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Free youth heart screening event

Posted 2:45 p.m. Wednesday, April 3, 2024

An electrocardiogram (EKG) is a quick test to check the heartbeat.

5-10 minutes of time can save a life

One in 300 youth has an undetected heart condition that puts them at risk for sudden cardiac arrest, according to the American Heart Association.  
A free heart screening event from 9 a.m.-3 p.m. Saturday, May 11, at UW-La Crosse aims to prevent sudden cardiac arrest in youth athletes. All community members ages 10-25 are invited to sign up to receive a free electrocardiogram, or EKG, at UW-La Crosse’s Mitchell Hall Fieldhouse. Up to 250 people will be screened during the event on a first come, first served basis. Register ahead of time to secure a spot at Walk ins will be allowed if space is available.  
The screening, hosted by UWL's Exercise and Sport Science Department,  is made possible through a $5,000 grant from Mayo Clinic Health System. Screening equipment and professional cardiologist review of the EKGs is provided by Who We Play For.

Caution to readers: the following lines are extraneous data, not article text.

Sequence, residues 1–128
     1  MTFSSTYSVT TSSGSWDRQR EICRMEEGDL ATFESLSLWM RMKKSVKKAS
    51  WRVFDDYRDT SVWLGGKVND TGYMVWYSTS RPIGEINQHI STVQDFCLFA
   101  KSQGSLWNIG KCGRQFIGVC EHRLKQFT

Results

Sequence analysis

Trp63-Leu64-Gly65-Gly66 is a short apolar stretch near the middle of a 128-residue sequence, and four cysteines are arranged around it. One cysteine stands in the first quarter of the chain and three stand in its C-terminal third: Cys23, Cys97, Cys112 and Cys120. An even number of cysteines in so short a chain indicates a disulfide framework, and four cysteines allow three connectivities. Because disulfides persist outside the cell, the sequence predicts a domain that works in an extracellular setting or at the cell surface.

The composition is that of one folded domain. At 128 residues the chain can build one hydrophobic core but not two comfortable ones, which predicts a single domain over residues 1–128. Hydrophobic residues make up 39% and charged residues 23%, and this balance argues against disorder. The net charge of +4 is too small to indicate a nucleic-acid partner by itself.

Jacob Caldwell, an assistant professor of Exercise and Sport Science, highlights the overlooked risk of heart issues among youth, especially those engaged in sports or physical activity. Sudden cardiac arrest, where the heart stops pumping, poses a risk to this demographic. Despite the availability of EKGs at hospitals to detect such risks, few individuals opt for them due to cost, time, and perceived low risk. However, since the condition is often undetectable without an EKG, awareness is crucial, and the free screening event aims to solve this issue. 

“There are no visible warning signs for risk of sudden cardiac arrest. Through this event, if your little one is at risk, you’ll know. You won’t have to guess,” says Caldwell. “By engaging during an earlier timeframe, it provides an earlier window for prevention of a future event. This is an easy, convenient way to do it …I see nothing but green lights.”  

EKGs take approximately five minutes, are painless, and the results can be lifesaving. UWL’s Clinical Exercise Physiology graduate program students will administer the EKGs in coordination with graduate program faculty. Administering EKGs is a regular task as part of the program curriculum.  

This is not the first time the CEP program has assisted the community in improving cardiac health. The long-running La Crosse Exercise and Health Program offers Adult Fitness and Cardiac Rehabilitation programs for community members on the UWL campus that are all medically supervised and staffed by students in the Clinical Exercise Physiology master’s program


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